Thursday, August 12, 2010

REFLECTIONS IN A GOLDEN EYE (1967) - a curio of the silver screen, ironically presented in gold-o-vision

Husband and wife (Brando and Taylor, respectively) are polar opposites, it appears; the stern Major, by the book and by the numbers (in no particular order), while Liz is a freewheeling harlot of sorts, her bosom as free as her spirit. Me thinks opposites DO indeed attract. I guess Paula Abdul might've been insightful after all (or whoever wrote that shitty song).

Look guys, if you wanna be gay, JUST BE GAY. Especially in this day and age, what with every other reality T.V. show governed by a homosexual. There’s "Queer Eye for the Straight Guy", "America Can Caterwaul and Grind", "Hot Model Chicks Judged by Those Ill-Equipped to Take Advantage of Their Position of Power", "Queer Eye For the Queer Eye" (it’s a gay staring contest), and, of course, "The Apprentice". After all, Donald Trump is obviously trying to overcompensate for something.

Even if your retard of a state has outlawed gay marriage, you can pack up and move to one that celebrates the disco glitter lifestyle. Or hell, why bother even getting married? Just boink and BE HAPPY I SAY. I guess there is the problem of religion and their insistence that homosexuality is not sanctioned by god himself. First of all, what does this god knucklehead even know? Nobody has ever even met him, yet he is supposed to be an expert on human behavior. Fuck that asshole.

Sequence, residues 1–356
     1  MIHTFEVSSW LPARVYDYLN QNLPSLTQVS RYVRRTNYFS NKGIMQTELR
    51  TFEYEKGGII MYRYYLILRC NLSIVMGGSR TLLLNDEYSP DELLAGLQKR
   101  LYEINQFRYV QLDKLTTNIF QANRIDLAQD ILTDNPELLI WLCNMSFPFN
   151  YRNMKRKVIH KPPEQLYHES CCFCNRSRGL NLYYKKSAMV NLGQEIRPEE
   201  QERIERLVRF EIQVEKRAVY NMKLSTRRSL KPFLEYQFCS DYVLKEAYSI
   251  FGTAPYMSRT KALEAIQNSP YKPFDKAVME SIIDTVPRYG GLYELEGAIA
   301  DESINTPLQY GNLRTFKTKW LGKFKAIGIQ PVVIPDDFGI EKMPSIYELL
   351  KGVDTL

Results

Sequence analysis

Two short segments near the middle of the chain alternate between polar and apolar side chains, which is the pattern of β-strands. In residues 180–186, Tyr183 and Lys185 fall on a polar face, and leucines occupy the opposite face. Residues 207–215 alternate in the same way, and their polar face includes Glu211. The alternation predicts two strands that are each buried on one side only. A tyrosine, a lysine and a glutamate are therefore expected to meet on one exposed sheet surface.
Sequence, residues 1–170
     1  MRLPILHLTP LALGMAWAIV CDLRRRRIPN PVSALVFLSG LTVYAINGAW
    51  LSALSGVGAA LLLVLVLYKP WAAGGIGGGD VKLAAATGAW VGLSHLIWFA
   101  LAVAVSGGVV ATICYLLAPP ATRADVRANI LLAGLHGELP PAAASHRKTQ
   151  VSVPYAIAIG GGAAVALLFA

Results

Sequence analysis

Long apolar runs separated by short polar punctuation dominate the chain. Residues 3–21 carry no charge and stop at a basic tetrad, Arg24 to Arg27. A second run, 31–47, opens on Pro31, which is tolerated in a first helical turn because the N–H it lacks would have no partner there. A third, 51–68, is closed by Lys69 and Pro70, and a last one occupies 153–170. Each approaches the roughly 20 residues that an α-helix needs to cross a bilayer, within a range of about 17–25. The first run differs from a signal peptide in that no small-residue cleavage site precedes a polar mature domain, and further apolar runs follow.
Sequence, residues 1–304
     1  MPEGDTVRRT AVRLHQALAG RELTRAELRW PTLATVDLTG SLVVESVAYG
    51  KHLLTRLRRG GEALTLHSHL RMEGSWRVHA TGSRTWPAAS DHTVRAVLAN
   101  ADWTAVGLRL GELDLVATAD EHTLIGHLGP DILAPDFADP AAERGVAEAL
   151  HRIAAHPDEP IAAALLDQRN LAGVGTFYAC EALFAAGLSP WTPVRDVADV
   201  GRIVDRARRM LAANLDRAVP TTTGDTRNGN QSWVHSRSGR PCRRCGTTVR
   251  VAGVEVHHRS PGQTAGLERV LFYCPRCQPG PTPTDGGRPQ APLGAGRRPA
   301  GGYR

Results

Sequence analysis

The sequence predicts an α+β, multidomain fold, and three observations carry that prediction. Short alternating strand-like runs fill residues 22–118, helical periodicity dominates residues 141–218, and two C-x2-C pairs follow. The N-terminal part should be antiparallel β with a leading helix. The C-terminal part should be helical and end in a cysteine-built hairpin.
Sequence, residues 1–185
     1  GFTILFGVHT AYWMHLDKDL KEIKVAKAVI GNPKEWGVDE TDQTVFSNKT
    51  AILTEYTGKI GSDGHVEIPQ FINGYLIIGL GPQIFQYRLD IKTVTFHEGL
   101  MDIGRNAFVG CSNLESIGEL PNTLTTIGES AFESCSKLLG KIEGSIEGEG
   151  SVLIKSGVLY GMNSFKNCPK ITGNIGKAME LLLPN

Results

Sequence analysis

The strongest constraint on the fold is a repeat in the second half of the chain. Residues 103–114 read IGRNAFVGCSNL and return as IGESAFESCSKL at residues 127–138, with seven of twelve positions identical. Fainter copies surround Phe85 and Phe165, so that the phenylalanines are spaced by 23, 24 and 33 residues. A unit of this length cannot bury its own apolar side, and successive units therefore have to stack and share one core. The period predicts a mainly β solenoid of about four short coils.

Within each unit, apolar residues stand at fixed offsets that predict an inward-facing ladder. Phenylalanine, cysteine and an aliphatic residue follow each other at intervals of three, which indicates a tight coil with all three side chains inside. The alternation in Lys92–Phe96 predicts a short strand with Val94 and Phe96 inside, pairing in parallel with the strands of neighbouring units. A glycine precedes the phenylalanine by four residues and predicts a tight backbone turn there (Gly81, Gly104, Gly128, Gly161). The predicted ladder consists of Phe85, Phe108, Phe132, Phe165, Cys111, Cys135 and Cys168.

I am reminded of the documentary Trembling Before God, which showcases one particular man who has struggled to console his Judaism with the fact that he is very very very very gay. He inconsolably weeps, while confiding in a rabbi that he has been fighting these urges for twenty odd years, that he continues to find the very touch of a woman to be repulsive. He just wants to “get right with god”, it seems, while the rabbi continues to repeat his mantra of god's resolute law of arbitrary heterosexuality. I suggest REALLY “getting right with yourself”, and maybe going out and dancing to some Erasure and sucking some cock afterwards (or whatever it is that the gays do, for I am unaware of how these things work). If this “god” of yours is such a friend, why does he stand their invisible while your soul lies tortured? I suggest you get yourself a REAL friend (preferably another flamer who is actually visible), one who is isn’t such a moralizing turd. They have actual websites where you can meet these people and connect on a tangibly human level. Not that I would know anything about that sorta thing; I'm no homo, after all. Really. I swear.